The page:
This is an Other Side of the Fence article, in which I take the opposite viewpoint of a popular idea and/or debate a specific thought.
Talk to any financial adviser and they’ll all say the same thing. It’s never too soon to start investing, investing young is the way to go. Then they’ll put out the table comparing Tommy at Suzy. Tommy starts at age 25, Suzy at 35, and each invest the same amount for 10 years, but Tommy completely kicks Suzy’s butt and has a lot more money by age 65. If you’re even a freshly minted investor I’m sure you’re able to visualize this table that illustrates the classic time value of money model. If you’re investing young you’ll have more time and therefore your money will compound more (at least in theory) because it’ll be invested longer. The thought is that the younger you start, the better off you’ll be in the future, but is investing young best?
On face value investing young makes sense because you’ll be able to capture more time and therefore earn more interest on your invested dollars. However, there are a few things to consider, especially if you’re young and don’t exactly have deep pockets.
Investing young ties up funds – if you’re a young investor you most likely don’t have a ton of money. It’s recommended that even $10 or $20 a month be invested if you can spare the change, but that could be dig into your already small budget. As a young investor your money could be put to better use through bettering yourself with education, experiences, or funding your lifestyle while taking a job that pays less, but gives you great experience. In your twenties maybe it might be better to simply invest in yourself as much as possible before entering the market. Go to Dale Carnegie courses, try to start businesses, take as much education as possible, travel, and grow your brain before you grow your wallet.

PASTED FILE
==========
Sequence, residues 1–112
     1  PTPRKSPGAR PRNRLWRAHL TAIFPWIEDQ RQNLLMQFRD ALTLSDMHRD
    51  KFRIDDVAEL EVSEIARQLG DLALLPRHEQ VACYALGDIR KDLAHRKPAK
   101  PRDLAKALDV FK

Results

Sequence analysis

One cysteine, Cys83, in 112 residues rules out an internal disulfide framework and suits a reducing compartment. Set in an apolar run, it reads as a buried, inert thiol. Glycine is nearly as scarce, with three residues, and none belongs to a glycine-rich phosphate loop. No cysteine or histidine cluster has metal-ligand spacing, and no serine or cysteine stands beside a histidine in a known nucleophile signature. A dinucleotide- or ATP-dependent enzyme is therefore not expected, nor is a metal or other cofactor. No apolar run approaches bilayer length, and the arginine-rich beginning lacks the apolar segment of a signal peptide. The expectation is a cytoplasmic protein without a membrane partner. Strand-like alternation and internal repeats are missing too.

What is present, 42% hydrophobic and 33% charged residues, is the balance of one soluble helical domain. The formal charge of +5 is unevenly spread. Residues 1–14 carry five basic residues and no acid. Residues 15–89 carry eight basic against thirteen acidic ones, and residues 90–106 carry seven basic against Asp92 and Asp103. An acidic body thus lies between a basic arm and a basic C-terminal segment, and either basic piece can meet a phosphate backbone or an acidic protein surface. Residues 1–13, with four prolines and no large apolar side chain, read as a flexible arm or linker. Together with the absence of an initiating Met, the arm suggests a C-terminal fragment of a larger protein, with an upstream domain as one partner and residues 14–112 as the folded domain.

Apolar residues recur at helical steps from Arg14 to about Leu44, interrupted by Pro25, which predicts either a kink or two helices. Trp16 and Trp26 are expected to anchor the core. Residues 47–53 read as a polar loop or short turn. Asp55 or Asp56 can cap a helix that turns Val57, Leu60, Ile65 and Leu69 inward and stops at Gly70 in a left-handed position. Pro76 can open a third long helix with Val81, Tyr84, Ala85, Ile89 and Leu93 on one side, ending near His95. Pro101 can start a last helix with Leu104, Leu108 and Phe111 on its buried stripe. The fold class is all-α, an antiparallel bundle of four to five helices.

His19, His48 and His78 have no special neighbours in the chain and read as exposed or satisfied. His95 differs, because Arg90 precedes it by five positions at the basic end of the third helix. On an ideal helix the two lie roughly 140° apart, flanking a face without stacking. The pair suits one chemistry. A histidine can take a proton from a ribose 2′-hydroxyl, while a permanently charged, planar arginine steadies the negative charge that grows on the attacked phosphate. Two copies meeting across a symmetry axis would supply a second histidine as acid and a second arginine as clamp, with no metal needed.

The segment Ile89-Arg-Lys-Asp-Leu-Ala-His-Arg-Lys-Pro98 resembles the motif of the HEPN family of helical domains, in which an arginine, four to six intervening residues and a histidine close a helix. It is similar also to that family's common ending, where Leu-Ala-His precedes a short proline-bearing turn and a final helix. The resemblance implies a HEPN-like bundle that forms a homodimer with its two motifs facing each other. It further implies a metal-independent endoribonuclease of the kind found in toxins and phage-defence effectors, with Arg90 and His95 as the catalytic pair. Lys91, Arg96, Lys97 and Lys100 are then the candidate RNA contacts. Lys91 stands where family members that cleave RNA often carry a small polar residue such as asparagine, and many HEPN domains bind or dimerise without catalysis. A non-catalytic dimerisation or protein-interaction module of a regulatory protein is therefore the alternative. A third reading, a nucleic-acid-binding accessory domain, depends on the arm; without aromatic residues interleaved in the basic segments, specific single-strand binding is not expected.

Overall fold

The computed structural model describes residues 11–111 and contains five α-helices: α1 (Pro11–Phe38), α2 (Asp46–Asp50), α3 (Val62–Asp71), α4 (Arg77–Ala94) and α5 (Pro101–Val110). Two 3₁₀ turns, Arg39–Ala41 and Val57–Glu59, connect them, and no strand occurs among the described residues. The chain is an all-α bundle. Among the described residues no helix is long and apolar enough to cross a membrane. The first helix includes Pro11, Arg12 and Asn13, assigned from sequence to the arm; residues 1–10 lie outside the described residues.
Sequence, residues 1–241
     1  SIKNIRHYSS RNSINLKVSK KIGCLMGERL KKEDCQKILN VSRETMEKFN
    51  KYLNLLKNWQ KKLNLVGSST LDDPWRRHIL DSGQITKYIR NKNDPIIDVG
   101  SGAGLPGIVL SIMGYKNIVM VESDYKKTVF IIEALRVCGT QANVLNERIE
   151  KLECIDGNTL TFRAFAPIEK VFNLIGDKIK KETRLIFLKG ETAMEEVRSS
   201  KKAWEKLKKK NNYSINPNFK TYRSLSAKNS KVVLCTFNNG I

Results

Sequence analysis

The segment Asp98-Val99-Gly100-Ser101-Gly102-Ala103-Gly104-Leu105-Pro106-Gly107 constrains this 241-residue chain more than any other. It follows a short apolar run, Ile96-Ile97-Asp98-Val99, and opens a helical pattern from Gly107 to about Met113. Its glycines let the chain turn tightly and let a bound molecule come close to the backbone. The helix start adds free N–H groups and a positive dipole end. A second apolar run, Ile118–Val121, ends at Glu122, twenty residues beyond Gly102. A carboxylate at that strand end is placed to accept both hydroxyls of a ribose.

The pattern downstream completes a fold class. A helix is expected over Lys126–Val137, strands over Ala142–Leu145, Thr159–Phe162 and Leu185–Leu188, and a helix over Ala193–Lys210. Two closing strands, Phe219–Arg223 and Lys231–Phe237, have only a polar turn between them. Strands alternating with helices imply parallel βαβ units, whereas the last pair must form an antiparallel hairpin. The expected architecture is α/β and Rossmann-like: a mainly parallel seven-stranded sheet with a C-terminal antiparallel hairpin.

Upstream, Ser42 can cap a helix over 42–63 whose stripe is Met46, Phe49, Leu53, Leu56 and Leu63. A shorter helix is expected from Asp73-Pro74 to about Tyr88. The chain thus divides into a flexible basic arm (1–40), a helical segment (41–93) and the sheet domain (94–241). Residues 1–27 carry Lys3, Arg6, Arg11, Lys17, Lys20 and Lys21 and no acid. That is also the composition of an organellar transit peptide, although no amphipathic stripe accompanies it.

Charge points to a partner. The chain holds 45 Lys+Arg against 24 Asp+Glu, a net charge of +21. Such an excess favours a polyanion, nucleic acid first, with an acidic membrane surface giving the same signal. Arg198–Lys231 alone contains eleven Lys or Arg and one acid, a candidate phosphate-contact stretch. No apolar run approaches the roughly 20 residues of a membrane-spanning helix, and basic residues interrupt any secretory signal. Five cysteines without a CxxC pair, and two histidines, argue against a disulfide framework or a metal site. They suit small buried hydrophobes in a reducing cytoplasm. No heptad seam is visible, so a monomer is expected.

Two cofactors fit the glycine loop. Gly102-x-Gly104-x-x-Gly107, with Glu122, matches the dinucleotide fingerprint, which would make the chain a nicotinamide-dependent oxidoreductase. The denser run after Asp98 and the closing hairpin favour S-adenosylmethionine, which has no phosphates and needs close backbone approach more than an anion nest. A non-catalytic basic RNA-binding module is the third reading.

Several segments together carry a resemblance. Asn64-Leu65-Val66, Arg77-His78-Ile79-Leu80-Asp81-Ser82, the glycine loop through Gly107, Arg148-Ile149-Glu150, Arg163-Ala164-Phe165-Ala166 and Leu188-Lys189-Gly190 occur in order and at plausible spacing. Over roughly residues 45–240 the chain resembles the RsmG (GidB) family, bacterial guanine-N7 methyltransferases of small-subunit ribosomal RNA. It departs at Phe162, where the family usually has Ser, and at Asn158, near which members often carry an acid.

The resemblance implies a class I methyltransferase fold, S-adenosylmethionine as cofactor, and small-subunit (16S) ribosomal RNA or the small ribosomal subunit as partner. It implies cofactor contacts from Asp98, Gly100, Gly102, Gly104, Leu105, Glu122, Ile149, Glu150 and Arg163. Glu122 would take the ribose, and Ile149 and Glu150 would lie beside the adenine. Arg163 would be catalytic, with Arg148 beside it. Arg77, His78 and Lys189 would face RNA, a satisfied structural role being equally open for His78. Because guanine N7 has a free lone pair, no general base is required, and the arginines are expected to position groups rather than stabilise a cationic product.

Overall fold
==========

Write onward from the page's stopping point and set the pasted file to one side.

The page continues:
Investing young may create a horrible first impression. – As a whole, Younger investors are now becoming more risk averse because of the market conditions they’ve experienced early on in life. First impressions are huge and very hard to overcome so younger investors now associate the market with high risk and where they’ll lose all their hard earned money. Like getting burned on a first date you might want to be cautious when you enter the market so you don’t associate stocks with losing your money over the long term.
Investing young may actually decrease your net worth – Depending on when you invest your 10 year outlook may actually be a loss. If you would’ve invested from 2000 – 2010 in the S & P 500 you would’ve seen your fund go from 1,498 (Jan 3, 2000) to 1,166 (Jan 4,2010). The problem with the chart of time value of money is that it’s based on averages. Averages are based on historical data which can only speculate the future, they cannot guarantee performance and therefore they’re simply an educated guess. When you begin to invest when you’re young, may actually be more important, especially if you’re not following dollar cost averaging.
In my personal opinion young investors should only avoid investing if they’re going to use their funds to further their earning potential through education, experiences, or making the choice to invest in their own business(s). Basically they’ll need to beat the stock market or similar investments so the only way to really do that is through businesses or increasing their earning power.
What do you think? Should young people focus more on investing in themselves or the stock market?
What ways do you think young people should invest in themselves or what experiences do you think will boost their return on themselves the most?